Suicide is one of the leading causes of death among young people globally. In light of emerging evidence supporting the effectiveness of school-based suicide prevention programmes, an analysis of cost-effectiveness is required. We aimed to conduct a full cost-effectiveness analysis (CEA) of the large pan-European school-based RCT, Saving and Empowering Young Lives in Europe (SEYLE). The health outcomes of interest were suicide attempt and severe suicidal ideation with suicide plans. Adopting a payer’s perspective, three suicide prevention interventions were modelled with a Control over a 12-month time period. Incremental cost-effectiveness ratios (ICERs) indicate that the Youth Aware of Mental Health (YAM) programme has the lowest incremental cost per 1% point reduction in incident for both outcomes and per quality adjusted life year (QALY) gained versus the Control. The ICERs reported for YAM were €34.83 and €45.42 per 1% point reduction in incident suicide attempt and incident severe suicidal ideation, respectively, and a cost per QALY gained of €47,017 for suicide attempt and €48,216 for severe suicidal ideation. Cost-effectiveness acceptability curves were used to examine uncertainty in the QALY analysis, where cost-effectiveness probabilities were calculated using net monetary benefit analysis incorporating a two-stage bootstrapping technique. For suicide attempt, the probability that YAM was cost-effective at a willingness to pay of €47,000 was 39%. For severe suicidal ideation, the probability that YAM was cost-effective at a willingness to pay of €48,000 was 43%. This CEA supports YAM as the most cost-effective of the SEYLE interventions in preventing both a suicide attempt and severe suicidal ideation. Trial registration number DRKS00000214.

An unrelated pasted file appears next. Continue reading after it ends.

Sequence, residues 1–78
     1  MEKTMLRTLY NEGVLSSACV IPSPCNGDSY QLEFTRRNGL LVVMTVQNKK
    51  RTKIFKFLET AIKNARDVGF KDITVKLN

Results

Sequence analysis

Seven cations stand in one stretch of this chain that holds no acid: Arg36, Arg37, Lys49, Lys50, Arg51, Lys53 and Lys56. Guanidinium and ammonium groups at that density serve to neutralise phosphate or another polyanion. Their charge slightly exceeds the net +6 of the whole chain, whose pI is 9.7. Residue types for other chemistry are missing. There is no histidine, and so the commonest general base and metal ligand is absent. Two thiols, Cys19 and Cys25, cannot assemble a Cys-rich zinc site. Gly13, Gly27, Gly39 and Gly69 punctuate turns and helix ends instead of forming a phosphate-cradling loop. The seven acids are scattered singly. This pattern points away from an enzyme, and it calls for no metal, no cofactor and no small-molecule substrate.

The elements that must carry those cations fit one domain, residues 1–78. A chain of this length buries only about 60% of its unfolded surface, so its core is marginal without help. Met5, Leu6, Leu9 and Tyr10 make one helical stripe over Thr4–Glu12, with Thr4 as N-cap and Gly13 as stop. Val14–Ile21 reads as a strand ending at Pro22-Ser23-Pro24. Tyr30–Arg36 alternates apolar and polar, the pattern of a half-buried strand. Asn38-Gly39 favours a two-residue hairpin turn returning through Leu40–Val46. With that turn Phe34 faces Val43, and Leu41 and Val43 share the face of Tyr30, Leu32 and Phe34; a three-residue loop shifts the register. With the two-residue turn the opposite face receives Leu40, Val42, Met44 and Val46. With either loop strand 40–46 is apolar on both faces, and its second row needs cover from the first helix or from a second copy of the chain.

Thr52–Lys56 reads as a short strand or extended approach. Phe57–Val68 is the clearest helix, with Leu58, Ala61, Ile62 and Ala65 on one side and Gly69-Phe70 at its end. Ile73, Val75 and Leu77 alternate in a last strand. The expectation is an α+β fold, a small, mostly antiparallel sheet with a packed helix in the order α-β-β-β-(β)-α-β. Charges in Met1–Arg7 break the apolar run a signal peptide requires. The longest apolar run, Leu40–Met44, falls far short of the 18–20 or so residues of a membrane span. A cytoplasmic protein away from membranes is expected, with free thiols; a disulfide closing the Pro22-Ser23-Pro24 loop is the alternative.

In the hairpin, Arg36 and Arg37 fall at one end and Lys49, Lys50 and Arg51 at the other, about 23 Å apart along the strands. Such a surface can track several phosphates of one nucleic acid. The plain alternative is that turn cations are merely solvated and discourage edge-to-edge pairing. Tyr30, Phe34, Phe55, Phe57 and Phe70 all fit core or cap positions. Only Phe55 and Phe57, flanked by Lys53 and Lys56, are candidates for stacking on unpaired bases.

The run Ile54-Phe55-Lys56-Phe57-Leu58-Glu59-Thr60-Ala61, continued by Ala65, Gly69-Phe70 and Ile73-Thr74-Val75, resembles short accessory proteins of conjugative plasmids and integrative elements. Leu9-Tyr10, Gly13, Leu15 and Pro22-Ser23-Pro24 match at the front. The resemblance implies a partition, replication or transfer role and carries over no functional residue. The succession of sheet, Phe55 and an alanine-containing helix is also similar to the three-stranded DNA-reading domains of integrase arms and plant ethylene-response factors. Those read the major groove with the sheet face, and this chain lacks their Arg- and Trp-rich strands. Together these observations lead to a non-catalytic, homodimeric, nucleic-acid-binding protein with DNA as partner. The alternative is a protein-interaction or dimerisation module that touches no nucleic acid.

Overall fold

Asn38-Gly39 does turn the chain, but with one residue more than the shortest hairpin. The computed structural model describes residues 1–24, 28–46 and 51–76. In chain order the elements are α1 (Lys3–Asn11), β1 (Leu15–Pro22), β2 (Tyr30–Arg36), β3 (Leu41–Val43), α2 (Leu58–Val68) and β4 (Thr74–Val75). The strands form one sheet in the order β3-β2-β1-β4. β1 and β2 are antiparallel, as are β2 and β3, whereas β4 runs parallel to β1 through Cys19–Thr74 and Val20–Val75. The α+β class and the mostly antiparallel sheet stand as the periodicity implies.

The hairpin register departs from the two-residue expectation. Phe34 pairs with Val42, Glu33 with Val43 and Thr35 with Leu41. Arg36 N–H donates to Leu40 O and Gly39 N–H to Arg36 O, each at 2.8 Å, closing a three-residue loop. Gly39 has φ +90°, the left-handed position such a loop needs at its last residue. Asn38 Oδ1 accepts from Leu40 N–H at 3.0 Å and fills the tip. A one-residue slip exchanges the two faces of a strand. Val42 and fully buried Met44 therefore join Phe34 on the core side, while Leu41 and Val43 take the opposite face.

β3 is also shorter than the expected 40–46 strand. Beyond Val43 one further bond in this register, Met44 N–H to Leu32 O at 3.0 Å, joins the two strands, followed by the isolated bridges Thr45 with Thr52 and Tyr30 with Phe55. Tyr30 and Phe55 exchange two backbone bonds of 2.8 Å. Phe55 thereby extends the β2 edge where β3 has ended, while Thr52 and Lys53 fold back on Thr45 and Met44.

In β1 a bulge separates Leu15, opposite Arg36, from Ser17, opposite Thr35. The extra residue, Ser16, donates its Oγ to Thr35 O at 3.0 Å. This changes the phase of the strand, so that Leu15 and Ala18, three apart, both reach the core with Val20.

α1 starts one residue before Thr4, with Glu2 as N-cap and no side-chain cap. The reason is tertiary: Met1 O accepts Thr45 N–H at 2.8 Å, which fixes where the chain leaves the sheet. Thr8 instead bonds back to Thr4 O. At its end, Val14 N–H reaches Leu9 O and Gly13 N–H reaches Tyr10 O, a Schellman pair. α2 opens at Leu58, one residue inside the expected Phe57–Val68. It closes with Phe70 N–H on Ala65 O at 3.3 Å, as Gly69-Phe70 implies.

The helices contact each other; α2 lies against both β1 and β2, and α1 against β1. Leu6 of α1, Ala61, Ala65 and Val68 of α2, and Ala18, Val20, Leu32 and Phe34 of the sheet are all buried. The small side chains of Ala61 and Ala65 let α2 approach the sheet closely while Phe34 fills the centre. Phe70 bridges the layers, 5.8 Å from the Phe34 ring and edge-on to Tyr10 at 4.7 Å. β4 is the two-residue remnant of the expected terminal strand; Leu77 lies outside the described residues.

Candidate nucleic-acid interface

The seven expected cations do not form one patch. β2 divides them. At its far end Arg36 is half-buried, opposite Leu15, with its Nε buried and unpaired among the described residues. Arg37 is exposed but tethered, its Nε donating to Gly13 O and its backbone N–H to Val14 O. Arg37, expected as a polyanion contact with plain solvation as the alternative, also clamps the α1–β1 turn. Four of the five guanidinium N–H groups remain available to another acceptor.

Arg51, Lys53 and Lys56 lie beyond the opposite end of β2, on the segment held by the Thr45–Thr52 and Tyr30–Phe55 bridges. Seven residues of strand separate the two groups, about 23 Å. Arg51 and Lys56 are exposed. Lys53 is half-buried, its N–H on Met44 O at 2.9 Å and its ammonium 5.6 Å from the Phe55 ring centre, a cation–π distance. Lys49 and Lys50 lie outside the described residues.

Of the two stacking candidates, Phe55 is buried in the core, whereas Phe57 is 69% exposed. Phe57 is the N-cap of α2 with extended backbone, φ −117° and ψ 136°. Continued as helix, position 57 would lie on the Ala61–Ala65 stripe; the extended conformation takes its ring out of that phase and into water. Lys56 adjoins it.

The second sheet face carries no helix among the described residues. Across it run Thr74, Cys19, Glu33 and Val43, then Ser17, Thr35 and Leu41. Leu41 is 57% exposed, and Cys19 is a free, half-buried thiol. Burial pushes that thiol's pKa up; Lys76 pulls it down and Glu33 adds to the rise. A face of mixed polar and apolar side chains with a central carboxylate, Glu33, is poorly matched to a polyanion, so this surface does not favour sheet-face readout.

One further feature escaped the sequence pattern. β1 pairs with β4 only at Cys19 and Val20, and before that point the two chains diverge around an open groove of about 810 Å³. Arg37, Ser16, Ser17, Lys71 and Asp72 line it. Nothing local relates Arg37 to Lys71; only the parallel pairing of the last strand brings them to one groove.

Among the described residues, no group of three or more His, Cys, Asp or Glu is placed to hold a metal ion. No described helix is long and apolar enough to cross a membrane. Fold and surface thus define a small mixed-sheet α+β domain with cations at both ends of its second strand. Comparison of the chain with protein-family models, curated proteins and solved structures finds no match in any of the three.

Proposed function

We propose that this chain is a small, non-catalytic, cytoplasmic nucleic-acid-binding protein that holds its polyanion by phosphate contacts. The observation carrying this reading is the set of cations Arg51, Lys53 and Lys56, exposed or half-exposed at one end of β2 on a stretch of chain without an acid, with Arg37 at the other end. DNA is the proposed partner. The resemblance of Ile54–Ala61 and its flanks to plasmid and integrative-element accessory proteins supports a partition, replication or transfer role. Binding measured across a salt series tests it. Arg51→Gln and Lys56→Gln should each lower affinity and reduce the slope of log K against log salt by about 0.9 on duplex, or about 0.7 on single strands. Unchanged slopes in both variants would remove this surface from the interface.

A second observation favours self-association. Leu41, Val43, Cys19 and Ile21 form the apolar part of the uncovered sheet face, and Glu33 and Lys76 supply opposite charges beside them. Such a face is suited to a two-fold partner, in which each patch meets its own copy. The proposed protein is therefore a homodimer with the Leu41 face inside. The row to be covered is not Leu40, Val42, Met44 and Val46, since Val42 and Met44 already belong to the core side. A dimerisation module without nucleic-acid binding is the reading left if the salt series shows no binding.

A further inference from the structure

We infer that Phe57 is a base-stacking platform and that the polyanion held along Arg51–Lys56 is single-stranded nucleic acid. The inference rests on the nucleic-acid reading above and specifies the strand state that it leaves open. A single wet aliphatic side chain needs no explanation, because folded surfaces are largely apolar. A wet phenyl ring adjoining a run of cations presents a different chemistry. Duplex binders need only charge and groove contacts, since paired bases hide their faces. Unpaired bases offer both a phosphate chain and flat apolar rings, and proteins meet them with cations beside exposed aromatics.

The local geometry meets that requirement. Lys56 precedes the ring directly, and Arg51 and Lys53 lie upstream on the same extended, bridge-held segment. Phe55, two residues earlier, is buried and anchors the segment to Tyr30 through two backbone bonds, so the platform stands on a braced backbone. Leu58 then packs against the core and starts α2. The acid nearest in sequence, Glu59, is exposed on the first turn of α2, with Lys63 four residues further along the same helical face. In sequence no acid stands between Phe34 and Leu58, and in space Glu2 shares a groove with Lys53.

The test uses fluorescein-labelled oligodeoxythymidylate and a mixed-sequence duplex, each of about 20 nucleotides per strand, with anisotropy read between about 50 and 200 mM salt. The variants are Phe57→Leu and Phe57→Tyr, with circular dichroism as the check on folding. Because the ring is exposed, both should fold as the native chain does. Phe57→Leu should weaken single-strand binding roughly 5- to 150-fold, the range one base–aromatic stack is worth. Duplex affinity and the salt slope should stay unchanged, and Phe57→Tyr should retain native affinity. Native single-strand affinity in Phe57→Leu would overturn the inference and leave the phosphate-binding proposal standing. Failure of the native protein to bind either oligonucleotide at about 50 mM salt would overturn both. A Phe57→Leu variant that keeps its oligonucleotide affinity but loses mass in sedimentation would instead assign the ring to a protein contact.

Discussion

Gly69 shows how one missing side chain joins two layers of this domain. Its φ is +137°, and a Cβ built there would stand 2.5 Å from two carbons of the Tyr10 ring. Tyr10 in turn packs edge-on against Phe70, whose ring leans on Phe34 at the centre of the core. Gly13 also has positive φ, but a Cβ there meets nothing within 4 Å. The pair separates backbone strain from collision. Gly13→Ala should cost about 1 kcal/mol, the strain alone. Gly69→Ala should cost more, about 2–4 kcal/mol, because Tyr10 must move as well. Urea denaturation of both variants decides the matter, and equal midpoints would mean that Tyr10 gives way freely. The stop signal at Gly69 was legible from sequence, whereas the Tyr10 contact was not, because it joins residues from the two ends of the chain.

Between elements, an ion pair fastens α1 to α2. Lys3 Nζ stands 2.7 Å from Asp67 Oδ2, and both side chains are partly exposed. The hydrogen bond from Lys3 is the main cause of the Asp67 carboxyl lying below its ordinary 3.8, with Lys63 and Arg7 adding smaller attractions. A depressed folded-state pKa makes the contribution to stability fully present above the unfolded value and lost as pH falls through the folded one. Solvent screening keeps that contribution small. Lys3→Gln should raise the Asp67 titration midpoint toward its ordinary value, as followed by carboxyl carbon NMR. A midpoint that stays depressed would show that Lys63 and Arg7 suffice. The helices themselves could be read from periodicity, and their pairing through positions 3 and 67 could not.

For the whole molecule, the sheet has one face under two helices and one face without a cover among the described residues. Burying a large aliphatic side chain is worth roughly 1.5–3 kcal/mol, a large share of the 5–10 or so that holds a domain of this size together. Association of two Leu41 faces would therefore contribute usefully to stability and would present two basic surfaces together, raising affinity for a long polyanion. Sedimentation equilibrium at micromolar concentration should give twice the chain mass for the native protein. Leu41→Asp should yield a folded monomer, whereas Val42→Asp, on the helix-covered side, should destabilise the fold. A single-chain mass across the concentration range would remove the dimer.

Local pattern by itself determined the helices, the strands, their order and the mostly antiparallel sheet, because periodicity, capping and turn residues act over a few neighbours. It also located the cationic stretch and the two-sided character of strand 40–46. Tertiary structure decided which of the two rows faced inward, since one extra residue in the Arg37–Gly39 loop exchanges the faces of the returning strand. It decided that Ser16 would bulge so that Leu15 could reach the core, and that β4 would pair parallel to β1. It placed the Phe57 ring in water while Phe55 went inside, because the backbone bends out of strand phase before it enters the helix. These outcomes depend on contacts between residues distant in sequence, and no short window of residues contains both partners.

A cost-effectiveness analysis of school-based suicide prevention programmes

Sarchiapone, Marco;
2018-01-01

Abstract

Suicide is one of the leading causes of death among young people globally. In light of emerging evidence supporting the effectiveness of school-based suicide prevention programmes, an analysis of cost-effectiveness is required. We aimed to conduct a full cost-effectiveness analysis (CEA) of the large pan-European school-based RCT, Saving and Empowering Young Lives in Europe (SEYLE). The health outcomes of interest were suicide attempt and severe suicidal ideation with suicide plans. Adopting a payer’s perspective, three suicide prevention interventions were modelled with a Control over a 12-month time period. Incremental cost-effectiveness ratios (ICERs) indicate that the Youth Aware of Mental Health (YAM) programme has the lowest incremental cost per 1% point reduction in incident for both outcomes and per quality adjusted life year (QALY) gained versus the Control. The ICERs reported for YAM were €34.83 and €45.42 per 1% point reduction in incident suicide attempt and incident severe suicidal ideation, respectively, and a cost per QALY gained of €47,017 for suicide attempt and €48,216 for severe suicidal ideation. Cost-effectiveness acceptability curves were used to examine uncertainty in the QALY analysis, where cost-effectiveness probabilities were calculated using net monetary benefit analysis incorporating a two-stage bootstrapping technique. For suicide attempt, the probability that YAM was cost-effective at a willingness to pay of €47,000 was 39%. For severe suicidal ideation, the probability that YAM was cost-effective at a willingness to pay of €48,000 was 43%. This CEA supports YAM as the most cost-effective of the SEYLE interventions in preventing both a suicide attempt and severe suicidal ideation. Trial registration number DRKS00000214.
http://www.springerlink.com/content/1018-8827
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Utilizza questo identificativo per citare o creare un link a questo documento: https://hdl.handle.net/11695/74256
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